Back in 2011, the Obama administration made a directive demanding universities to improve their policies regarding sexual assault claims on campus. In an effort to empower and encourage victims to come forward in the event of a sexual assault, many changes were required of university policy and procedure in how to handle sexual assault complaints. One major change was to empower a single investigator who is a university employee or outside expert to do all of the interviews regarding everyone involved in a sexual assault complaint. This investigator would interview the accused, the accuser, and any other witnesses. This investigator then compiles the results of these interviews into reports and makes recommendations. This approach led to many complaints saying that the accused is not being afforded due process or a right to cross examine their accuser. Many lawsuits against universities were then filed by both survivors of sexual assault as well as men who were falsely accused. The common theme in these lawsuits is that the universities were not handling these cases properly and were not qualified to lead these types of investigations. An-Attorneys-Guide-to-a-Career-in-Law-Pic-300x200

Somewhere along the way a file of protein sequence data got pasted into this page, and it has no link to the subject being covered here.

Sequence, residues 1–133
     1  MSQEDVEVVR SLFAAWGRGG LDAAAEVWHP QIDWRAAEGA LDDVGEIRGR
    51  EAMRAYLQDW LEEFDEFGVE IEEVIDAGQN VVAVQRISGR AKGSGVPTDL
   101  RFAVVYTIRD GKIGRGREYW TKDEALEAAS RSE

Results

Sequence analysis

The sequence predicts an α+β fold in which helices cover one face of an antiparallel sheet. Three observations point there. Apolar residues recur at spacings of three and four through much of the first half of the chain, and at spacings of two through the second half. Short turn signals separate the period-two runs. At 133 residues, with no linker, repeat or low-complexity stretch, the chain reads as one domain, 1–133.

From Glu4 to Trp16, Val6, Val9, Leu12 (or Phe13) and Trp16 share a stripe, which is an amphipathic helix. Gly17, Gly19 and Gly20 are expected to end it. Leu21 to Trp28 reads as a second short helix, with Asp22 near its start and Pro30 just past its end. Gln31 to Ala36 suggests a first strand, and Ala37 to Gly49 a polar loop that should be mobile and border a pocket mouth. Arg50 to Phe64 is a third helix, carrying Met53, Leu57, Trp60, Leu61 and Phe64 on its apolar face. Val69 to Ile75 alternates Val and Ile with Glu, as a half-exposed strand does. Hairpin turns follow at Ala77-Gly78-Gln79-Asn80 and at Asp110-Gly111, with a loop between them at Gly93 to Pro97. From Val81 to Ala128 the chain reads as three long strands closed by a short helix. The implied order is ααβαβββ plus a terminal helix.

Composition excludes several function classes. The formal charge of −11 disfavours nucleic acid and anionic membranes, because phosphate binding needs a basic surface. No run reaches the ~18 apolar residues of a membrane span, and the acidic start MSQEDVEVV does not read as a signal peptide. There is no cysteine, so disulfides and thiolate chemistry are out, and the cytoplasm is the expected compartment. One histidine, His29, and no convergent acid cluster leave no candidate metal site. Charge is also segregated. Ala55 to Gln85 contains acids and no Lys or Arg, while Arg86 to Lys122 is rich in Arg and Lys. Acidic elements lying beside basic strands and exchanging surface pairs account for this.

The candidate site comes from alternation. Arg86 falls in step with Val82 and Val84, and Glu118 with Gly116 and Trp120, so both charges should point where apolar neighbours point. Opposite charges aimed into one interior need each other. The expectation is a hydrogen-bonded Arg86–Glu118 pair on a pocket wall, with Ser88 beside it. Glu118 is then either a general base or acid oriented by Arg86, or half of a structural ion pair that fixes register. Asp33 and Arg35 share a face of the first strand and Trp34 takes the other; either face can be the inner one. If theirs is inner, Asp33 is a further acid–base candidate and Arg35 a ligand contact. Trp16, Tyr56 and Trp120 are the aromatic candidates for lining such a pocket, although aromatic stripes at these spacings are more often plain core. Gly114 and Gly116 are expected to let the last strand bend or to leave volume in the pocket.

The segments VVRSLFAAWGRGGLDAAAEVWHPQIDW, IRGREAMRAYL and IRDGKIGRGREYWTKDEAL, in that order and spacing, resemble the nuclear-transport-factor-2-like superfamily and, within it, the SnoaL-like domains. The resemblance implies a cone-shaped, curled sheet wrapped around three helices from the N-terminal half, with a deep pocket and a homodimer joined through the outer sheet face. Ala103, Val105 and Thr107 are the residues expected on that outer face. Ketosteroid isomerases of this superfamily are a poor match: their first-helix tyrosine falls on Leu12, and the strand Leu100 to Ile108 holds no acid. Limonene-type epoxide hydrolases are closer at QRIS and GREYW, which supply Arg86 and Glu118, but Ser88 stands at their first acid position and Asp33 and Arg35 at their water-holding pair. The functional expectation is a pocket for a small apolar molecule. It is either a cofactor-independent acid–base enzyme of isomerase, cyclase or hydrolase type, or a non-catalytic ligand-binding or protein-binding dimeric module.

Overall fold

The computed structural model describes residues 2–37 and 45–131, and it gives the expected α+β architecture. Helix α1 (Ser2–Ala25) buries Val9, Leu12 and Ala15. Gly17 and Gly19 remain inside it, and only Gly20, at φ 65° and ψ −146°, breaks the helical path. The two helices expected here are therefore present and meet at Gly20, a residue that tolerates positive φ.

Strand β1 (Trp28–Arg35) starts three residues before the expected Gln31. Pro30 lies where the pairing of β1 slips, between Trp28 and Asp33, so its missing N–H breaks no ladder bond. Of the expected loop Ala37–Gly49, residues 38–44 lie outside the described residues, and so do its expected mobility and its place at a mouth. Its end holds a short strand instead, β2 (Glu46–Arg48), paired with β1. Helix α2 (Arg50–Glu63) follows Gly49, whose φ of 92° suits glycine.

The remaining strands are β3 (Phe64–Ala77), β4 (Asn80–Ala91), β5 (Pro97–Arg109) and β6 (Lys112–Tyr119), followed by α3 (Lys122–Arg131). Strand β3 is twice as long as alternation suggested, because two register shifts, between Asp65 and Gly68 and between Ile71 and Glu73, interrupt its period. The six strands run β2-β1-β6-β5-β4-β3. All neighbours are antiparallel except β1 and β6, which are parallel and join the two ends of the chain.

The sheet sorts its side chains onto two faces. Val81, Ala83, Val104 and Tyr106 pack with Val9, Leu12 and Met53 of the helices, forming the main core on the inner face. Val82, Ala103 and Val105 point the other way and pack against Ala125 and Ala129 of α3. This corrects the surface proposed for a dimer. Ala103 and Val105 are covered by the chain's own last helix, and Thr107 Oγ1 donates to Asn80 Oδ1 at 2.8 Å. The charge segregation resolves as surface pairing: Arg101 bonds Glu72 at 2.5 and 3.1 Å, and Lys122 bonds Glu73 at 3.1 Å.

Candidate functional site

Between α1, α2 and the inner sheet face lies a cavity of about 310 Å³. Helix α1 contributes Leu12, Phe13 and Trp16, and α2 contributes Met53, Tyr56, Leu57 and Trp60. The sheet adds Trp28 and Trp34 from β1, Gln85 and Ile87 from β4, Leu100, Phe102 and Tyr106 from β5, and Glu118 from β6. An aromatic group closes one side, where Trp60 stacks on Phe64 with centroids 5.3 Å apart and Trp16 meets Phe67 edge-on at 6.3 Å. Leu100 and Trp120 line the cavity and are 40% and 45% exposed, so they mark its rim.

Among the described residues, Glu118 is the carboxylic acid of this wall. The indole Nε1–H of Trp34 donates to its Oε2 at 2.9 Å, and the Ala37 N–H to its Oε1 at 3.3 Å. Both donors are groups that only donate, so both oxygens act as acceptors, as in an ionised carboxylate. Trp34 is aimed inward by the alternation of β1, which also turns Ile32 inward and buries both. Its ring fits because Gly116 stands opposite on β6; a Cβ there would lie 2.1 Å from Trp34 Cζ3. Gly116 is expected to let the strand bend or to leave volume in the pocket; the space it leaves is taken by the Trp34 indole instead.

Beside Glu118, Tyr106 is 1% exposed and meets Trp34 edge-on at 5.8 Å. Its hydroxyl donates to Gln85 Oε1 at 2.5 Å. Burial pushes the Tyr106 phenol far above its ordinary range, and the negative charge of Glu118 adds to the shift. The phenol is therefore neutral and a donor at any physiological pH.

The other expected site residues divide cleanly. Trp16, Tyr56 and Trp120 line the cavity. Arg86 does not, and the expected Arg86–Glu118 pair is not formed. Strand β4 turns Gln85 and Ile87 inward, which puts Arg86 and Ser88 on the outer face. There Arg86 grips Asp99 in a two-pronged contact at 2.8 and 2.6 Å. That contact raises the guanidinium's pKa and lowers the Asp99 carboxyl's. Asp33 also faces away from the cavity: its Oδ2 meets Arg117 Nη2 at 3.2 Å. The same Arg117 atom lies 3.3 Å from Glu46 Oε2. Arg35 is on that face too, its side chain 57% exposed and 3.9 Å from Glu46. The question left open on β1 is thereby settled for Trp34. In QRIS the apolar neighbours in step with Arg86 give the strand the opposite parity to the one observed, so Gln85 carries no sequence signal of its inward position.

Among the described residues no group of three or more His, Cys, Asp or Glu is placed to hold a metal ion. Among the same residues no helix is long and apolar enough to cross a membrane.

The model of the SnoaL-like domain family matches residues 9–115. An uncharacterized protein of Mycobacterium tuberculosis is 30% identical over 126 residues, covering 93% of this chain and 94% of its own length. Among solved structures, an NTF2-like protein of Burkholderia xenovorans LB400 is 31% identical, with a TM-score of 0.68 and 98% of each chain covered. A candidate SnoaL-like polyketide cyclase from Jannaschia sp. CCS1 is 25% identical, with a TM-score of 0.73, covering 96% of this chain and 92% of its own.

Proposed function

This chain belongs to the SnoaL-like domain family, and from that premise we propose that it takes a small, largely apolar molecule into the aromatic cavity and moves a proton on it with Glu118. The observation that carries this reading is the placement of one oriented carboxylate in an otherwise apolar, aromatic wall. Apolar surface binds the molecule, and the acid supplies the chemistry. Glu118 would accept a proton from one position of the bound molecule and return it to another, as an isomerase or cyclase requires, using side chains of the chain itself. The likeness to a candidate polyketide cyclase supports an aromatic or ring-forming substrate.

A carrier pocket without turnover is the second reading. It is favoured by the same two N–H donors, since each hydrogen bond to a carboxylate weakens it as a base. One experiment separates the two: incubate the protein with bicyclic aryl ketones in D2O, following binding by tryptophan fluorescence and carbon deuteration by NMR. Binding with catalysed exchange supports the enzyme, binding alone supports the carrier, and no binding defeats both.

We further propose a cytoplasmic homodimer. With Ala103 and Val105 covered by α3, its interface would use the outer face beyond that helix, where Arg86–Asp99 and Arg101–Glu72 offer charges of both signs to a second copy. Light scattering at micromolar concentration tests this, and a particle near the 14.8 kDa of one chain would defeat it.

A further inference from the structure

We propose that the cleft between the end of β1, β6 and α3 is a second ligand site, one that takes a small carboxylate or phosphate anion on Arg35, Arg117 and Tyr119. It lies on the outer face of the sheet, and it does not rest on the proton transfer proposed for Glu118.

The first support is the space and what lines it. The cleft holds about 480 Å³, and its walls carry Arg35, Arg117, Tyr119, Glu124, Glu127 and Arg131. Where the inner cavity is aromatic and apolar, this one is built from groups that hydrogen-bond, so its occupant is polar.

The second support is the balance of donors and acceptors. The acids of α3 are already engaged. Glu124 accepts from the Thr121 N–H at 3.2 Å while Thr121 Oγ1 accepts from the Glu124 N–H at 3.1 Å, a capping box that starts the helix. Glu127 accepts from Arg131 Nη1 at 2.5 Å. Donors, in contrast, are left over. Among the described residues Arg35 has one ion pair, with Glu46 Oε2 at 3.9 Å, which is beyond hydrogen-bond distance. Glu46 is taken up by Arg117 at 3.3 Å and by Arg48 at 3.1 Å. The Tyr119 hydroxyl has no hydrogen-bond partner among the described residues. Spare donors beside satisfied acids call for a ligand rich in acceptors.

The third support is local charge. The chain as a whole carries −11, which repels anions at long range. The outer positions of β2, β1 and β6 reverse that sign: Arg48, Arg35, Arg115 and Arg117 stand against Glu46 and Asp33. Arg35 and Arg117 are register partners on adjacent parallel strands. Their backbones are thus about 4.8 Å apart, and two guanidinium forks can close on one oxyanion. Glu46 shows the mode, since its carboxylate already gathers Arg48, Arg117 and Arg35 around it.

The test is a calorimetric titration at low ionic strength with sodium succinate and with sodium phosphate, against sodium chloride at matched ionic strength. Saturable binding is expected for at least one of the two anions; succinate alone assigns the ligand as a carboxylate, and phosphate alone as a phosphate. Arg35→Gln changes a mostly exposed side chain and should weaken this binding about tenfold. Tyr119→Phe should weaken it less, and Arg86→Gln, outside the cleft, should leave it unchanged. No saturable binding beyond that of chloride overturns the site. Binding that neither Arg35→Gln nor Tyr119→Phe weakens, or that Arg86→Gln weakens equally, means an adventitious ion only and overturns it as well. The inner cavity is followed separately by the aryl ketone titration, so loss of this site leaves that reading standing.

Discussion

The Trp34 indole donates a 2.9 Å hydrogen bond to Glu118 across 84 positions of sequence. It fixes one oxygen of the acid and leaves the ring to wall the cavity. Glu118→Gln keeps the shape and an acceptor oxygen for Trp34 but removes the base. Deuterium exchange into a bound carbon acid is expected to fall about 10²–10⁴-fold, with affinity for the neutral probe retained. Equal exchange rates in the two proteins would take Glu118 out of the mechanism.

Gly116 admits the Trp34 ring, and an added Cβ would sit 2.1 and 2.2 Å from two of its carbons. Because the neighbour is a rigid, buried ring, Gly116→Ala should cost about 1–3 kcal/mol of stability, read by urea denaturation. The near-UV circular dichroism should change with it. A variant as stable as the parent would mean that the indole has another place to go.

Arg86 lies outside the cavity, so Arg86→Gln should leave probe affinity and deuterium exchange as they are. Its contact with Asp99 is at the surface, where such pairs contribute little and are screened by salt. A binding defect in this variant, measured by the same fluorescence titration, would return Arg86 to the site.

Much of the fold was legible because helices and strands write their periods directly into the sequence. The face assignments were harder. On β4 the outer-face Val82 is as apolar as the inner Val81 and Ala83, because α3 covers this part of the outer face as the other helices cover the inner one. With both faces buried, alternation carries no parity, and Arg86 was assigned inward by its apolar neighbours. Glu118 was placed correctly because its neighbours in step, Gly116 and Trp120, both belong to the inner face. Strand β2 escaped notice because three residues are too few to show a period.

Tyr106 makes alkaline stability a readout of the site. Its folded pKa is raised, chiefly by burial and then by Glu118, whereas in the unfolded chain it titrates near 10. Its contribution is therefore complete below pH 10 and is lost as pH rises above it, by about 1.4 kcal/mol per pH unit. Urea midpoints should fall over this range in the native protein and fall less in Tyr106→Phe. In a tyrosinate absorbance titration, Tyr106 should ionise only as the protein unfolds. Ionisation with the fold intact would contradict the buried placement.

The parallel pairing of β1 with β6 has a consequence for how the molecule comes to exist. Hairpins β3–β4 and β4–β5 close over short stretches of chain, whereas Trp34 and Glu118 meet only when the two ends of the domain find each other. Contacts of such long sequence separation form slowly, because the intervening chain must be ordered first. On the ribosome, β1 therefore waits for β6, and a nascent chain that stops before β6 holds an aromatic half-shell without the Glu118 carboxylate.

The Changes Implemented

What Is Human Trafficking?

Human trafficking as defined by the Michigan Human Trafficking Task Force is a form of modern-day slavery. It is the containment and forcing of different types of labor of both adults and children. Women that are victims of human trafficking are often forced to work in sex trades like prostitution or strip club work, while men are more forced into jobs involving physical labor. It is a real problem where awareness has recently grown. This awareness has led to more arrests and a stronger dedication towards the goal of eradicating human trafficking. The statistics regarding human trafficking in the state of Michigan are both eye opening and tragic. sad-silhouette-1080946-m

Human Trafficking Statistics

The State of North Carolina like Michigan has what’s called a satellite-based monitoring as part of their arm of punishment for repeat sex offenders and other specific offenders. This is essentially a GPS tether that someone must wear every day for the rest of their lives, even if they have completed probation or parole and are not otherwise being supervised by the state. As such, the government has essentially “tagged” someone and will always have their whereabouts available to law enforcement. This tagging becomes automatic in North Carolina once it’s shown that the violator is a repeat offender. iStock_000000341623_Large-2-300x200

How did we even get here?